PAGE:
She noted that she is “a pretty strong-headed leader”.

“I already have a good relationship with (LAMC CEO) John Whiteside. He knows that we have to hire people in order to build a team. He knows that I can’t do it all by myself, that we’re going to have to hire another provider. I have some particularities about the type of people I like to work with so I’m going to recruit someone that has a similar mindset and vision,” Pereda said.

She noted that as much as she loved the UNM community, she thinks it is important to go to other communities to really serve and implement some of the things learned at the academic centers.

“I’m hoping to bring these toolkits so that we can disseminate them and think about how we plant ourselves into the DNA of the hospital so that this kind of thing doesn’t happen again. No community should be without a woman’s health provider. That’s just not how we take care of people, particularly communities,” Pereda said.

She noted that she’s a pretty good collaborator.

“I never think that I’m the lead of anything because I’m not. I’m not from the community. It’s going to take me a little while to learn about the particularities of who’s been doing the work and how we honor that time and that expertise. There are many ways of knowing the clinician way – that’s just one way. I think if we honor all the diverse ways of knowing what people can bring to the table, we will get something really nice and robust, that’s long-lasting and could really help improve the health of our population, particularly the women,” Pereda said.

Committee member Ellen Ben-Naim asked Pereda to help with the rumor that she is coming here just to run labor and delivery or if her plan is to come here and have a full service women’s health clinic for the whole lifespan of women’s health.

“You need to do both. You need to have a robust labor and delivery skills in a team because that’s where the maternal mortality lives so we have to be very thoughtful and safe. I’m doing a full spectrum. I take care of women trying to become pregnant and I take care of women who are trying to end their pregnancy for whatever the reason. I’m full spectrum,” Pereda said. “I am a full spectrum OB/GYN taking care of women from early adolescence to the end of the reproductive life and beyond. That’s what it means to be full-spectrum.”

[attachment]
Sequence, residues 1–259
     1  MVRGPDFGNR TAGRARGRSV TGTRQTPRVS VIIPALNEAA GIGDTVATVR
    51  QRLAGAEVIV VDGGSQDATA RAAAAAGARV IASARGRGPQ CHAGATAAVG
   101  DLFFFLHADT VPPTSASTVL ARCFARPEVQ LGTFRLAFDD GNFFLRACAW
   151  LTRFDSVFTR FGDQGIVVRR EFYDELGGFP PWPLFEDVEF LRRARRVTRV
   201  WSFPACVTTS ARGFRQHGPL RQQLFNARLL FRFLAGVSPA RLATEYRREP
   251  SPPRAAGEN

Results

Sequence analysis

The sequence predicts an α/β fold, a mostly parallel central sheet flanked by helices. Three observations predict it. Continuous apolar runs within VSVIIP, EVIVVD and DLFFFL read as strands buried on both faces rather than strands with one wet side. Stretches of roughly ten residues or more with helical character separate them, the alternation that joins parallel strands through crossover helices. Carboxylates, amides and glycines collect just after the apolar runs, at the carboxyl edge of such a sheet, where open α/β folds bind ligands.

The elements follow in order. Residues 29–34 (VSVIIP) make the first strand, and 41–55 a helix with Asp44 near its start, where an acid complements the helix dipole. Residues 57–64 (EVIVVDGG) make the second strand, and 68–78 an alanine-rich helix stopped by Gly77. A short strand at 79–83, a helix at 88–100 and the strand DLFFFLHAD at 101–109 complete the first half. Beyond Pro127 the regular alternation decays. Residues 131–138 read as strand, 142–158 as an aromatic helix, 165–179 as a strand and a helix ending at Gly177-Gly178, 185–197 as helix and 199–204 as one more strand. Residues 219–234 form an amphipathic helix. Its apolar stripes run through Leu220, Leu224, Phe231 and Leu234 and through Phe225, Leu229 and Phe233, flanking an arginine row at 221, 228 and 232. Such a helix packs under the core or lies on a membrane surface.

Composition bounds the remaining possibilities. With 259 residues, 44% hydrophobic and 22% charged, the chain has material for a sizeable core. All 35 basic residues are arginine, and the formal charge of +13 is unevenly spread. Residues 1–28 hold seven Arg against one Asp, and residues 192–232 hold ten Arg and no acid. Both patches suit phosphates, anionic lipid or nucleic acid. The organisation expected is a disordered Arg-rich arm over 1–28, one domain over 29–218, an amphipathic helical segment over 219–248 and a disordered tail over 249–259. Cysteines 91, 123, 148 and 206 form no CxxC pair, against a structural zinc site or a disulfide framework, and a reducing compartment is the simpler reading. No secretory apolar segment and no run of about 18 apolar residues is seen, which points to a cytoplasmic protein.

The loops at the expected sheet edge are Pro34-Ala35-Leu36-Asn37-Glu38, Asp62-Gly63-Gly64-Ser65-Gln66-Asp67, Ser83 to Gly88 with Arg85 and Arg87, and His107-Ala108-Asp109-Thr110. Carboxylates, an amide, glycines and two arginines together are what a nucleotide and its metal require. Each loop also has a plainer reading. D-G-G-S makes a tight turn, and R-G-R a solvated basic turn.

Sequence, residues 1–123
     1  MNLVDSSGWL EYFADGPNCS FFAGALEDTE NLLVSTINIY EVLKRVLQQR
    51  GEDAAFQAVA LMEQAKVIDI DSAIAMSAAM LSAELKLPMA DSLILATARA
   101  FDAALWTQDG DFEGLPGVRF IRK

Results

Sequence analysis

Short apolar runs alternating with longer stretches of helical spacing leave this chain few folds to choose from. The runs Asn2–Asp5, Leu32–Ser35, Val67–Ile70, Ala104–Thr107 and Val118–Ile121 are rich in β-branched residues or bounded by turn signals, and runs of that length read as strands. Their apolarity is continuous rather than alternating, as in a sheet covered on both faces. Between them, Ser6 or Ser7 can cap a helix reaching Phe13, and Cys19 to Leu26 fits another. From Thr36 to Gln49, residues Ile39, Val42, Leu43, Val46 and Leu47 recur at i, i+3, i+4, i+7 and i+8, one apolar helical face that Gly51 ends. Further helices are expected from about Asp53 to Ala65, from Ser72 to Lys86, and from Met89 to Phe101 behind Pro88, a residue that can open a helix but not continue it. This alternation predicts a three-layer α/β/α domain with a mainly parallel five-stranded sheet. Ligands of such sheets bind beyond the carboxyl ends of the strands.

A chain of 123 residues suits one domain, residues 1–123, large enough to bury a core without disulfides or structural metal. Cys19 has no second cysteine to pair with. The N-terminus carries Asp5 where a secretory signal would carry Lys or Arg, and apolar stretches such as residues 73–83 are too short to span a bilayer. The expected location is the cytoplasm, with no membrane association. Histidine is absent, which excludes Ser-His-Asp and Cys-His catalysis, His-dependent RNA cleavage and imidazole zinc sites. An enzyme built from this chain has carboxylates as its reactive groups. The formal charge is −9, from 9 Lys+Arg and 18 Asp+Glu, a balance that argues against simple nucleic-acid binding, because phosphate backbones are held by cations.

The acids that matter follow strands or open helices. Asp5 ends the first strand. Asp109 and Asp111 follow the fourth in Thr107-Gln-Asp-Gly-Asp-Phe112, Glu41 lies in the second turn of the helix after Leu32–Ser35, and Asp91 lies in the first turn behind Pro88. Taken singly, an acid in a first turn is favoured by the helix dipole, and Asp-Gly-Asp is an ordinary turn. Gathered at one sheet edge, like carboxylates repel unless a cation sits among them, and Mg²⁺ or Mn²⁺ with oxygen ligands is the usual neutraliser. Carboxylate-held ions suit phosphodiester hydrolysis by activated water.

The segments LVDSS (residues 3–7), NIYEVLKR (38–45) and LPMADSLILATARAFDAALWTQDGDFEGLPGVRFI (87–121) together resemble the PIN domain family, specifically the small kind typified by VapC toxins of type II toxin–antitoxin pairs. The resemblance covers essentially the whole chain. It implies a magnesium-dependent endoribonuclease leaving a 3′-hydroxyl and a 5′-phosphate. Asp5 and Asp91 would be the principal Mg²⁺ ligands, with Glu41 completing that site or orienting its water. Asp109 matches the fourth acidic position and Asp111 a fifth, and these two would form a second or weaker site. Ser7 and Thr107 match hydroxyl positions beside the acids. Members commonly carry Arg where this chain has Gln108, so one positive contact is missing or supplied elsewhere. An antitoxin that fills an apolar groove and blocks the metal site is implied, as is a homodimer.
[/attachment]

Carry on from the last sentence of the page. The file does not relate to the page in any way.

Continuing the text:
Pereda’s first day at LAMC is Oct. 15 and she noted that there is a lot of work to do from looking at the structure of how even to make an appointment to working out what equipment needs to be ordered.

“I need to do a whole rundown in the operating room and in the clinic. I’m kind of like a same-day shopper. I want the people that come in to have all that they need at one stop. Nobody has time for multiple visits. Right now we don’t have patients but I’m thinking maybe by the middle of November we should hopefully have a jam-packed schedule but it’s going to take at least a month for us to really look at how not to reproduce the things that really don’t work,” Pereda said. “We’re going to start from scratch and let’s do innovative ways. Let’s be fresh and let’s have new ideas and think outside the box so that we develop something that will grow and flourish. I know that the old methods haven’t worked and I don’t want to reproduce them.”

She said she can’t imagine showing up and not having the instruments she uses.

“How do we give the community a sense that we really know what we’re doing. And starting from somebody else’s old templates without having an analysis of even how to do such a thing is just not the right message. I want people to show up (when I have) the tools that I need so that I can give people the care they deserve,” Pereda said. “It’s going to take me at least two weeks to do the assessment and by the time we order materials it’s going to be a month. Will we see a few patients? Yes, and maybe a few routine things that don’t require anything, that’s fine. But to bring people in and not have the things they need – the impact of that doesn’t give the community a lot of reassurance. I think that for a program that’s starting from scratch, we need to be thoughtful about the impact of how they experience us.”

She said she gets the sense of urgency to get the practice open.

“All of us are right there, but in order to do a good job we have to look at what hasn’t worked and fix it before we move forward,” Pereda said.

Whiteside said in an email Wednesday that Dr. Pereda will be open for all OB/GYN services when she begins. Meanwhile, various community agencies are anxious to get the word out that the full spectrum of women’s health services will be available soon. Pereda is planning to speak to civic groups and conduct virtual community town halls as the practice gets going.

Ben-Naim encouraged women to make sure they have copies of their medical records on hand. She said even for women who plan to have babies at facilities off the hill, it can only help to have their records in case they need to seek emergency care closer to home.

According to information released by LAMC, appointments with Pereda may now be made by calling (505) 661-9201.